Some of the factors the court relies upon in deciding whether a non-signing spouse intended to create a joint return are (1) whether the non-signing spouse objected to the filing of a joint return; (2) whether prior filing history of the couple during the marriage suggests an intent; (3) whether the non-signing spouse filed a separate return if that spouse had a filing requirement; (4) whether general reliance on one spouse for financial matters existed and (5) whether the couple had specific rules between themselves governing signing for one another.  While the issue of abuse and duress goes beyond tacit consent, it can play a role here.  If one spouse physically or emotionally intimidates or abuses the other, it could invalidate even an actual signature or could influence a court’s decision on the granting of tacit consent.

Taxpayer’s contesting a joint return liability should always look first to determine if they have an argument that no joint return exists.  Knocking out the existence of the joint return provides a surefire way of avoiding any liability stemming from the spouse’s income or other tax issues (note however that this does not hold true in a community property state, where the innocent spouse will still be required to include their share). Taxpayers can easily argue that they did not sign a joint return but face a much more difficult argument regarding their intent.  Bob Nadler wrote a post on the joint return issue several years ago in which he touched on tacit consent but the case did not focus on this issue.  Bob wrote the book on innocent spouse issues.  Christine Speidel and Audrey Patten are in the process of updating the book and the third edition should go to press later this year. 

Ms. Jones argues she did not intend to file a joint return and that if she did file a joint return, she should receive innocent spouse relief.  She is being represented by Lavar Taylor, a frequent guest blogger.  The case is still in the briefing stage and will not get argued until later this year.  Perhaps Ms. Jones can break the string of taxpayer defeats in appellate courts on the innocent spouse issue or avoid the innocent spouse issue altogether with a victory on tacit consent.  For those interested in innocent spouse issues, the case is worth following.

Offset of Rebate Recovery Credit and Some Innocent Spouse News

We have written several posts on offset over the past year and offset posts continue to be the most popular posts we write.  It might be possible to start an offset blog based on reader interest.  Some prior posts are here (injured spouse offset issues); here (CARES Act offset exceptions); and here (offset bypass rules – most heavily visited post on our site.)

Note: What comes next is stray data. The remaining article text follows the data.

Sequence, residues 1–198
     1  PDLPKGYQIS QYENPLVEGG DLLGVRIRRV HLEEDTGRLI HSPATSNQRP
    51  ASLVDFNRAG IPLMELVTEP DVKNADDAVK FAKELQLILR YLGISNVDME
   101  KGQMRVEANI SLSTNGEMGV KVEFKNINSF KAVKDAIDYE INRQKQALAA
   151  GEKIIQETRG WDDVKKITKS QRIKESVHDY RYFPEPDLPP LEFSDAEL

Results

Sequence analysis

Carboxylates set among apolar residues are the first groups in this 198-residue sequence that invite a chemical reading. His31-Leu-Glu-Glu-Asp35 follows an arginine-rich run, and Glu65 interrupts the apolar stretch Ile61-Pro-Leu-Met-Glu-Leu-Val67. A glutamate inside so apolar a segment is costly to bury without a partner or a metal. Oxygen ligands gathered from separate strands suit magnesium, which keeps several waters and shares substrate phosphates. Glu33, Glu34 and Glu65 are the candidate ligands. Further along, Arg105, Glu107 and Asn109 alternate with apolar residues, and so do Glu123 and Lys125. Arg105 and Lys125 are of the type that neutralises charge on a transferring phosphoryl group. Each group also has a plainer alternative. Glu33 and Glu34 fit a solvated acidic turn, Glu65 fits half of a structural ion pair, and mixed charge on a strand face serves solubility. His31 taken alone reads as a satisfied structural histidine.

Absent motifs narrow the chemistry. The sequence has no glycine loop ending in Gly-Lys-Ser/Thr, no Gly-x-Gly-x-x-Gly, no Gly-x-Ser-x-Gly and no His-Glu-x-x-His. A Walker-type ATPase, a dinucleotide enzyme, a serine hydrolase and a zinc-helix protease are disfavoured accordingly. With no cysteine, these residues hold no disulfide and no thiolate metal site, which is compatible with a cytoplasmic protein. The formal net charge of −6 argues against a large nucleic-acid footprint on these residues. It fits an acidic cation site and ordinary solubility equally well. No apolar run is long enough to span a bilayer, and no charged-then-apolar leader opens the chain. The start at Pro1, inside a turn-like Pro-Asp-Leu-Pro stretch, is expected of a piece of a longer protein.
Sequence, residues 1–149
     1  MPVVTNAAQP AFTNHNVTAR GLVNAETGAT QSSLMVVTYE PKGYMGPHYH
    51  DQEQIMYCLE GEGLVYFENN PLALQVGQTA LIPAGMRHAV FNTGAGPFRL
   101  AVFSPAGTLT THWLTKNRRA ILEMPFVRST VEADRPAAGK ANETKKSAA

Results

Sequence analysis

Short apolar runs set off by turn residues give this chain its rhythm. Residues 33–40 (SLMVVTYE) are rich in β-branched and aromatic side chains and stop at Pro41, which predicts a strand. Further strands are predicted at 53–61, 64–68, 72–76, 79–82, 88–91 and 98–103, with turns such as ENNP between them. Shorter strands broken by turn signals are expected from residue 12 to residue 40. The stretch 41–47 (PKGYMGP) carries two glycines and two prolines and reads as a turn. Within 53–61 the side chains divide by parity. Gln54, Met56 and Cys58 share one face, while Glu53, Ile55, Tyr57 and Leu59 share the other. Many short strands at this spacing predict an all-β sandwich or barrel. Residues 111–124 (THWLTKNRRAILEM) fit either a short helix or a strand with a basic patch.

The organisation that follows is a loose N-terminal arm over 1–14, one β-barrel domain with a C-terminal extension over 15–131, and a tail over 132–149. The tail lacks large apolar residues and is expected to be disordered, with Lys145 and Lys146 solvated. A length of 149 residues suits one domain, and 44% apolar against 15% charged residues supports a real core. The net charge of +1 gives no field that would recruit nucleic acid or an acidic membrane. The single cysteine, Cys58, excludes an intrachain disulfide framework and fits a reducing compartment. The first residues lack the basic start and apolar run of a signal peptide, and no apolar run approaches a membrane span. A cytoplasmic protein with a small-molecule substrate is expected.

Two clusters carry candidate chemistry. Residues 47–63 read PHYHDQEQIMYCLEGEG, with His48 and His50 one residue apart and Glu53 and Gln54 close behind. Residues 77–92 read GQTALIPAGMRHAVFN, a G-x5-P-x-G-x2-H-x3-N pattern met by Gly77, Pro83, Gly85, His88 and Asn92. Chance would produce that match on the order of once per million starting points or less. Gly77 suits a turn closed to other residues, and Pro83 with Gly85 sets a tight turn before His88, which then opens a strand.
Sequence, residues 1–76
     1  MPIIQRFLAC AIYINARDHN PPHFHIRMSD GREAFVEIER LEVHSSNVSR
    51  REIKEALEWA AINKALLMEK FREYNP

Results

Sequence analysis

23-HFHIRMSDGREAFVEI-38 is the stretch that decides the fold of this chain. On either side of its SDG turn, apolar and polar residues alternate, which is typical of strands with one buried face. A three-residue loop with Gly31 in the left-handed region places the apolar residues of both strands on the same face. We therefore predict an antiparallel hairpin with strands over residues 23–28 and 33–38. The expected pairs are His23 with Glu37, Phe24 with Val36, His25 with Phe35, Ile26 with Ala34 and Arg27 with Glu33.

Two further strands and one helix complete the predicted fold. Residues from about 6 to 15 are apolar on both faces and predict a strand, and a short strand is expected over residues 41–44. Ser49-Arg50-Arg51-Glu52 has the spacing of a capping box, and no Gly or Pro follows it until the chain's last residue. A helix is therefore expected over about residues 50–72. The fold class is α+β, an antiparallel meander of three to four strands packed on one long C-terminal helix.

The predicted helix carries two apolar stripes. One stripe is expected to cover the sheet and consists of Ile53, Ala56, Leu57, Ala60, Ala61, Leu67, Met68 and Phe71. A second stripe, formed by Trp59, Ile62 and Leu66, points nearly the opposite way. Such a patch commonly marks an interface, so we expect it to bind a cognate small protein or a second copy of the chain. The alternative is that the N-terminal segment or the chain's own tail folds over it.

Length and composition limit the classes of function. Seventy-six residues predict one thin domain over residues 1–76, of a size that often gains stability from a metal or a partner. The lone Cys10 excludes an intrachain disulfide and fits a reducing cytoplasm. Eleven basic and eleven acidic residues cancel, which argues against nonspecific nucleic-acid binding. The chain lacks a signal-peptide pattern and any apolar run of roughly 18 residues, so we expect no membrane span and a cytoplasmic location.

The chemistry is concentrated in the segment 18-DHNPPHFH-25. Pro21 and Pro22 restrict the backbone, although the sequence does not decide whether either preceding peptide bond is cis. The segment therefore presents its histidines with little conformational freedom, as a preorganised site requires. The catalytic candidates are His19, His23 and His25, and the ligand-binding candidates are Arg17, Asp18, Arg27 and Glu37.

read more...

The issue of offset of stimulus payments took an interesting turn this past week.  As you probably remember last year, in passing the CARES Act Congress took the extraordinary step of excepting from offset all debts except for past due child support.  This meant that stimulus payments in the first and second rounds went directly into the hands of taxpayers who would ordinarily have simply received a letter notifying them that their refund was taken to satisfy some past due debt. 

It looked like individuals who did not receive their stimulus payment for the first or second round and who could claim it as a Recovery Rebate Credit (RRC) as they filed their 2020 return would have the disadvantage of having the payment subject to federal tax offset and all of the other available offsets.  A recent post by the National Taxpayer Advocate (NTA) sets out some of the history on what the IRS did as it moved into the 2020 filing season. 

The bottom line is that the IRS has now decided to exercise its discretion under 6402(a) with respect to the offset of federal tax refunds to federal tax liabilities.  The IRS will allow refunds based on RRC to pass through to taxpayers without being offset to satisfy prior federal tax debts.  Great news for persons with only federal tax debts in their portfolio of debts subject to offset under the Treasury Offset Program (TOP) but less good news for taxpayers with other outstanding obligations.  For a detailed discussion of offset and an explanation of TOP, you can read an article recently written by Michael Waalkes and me found here.

The NTA points out two problems with the otherwise good news regarding the IRS decision to forego offset of refunds based on RRC.  First, the decision happened in the middle of the filing season after many taxpayers had already filed and already had their refunds offset.  A similar offset decision occurred last year when the Department of Education decided during the middle of the filing season not to exercise its right to offset federal tax refunds (and other federal payments) against outstanding student loan debts.  Individuals who filed early (i.e., those most likely to have substantial refunds) get treated differently than those who wait.  A similar issue has occurred during this filing season with unemployment benefits that Congress decided mid filing season to exclude from income.  (Though yesterday the Commissioner in his testimony before Congress said that the IRS was working on a way to fix this for early filing taxpayers without the need for them to file a superseding or amended return.)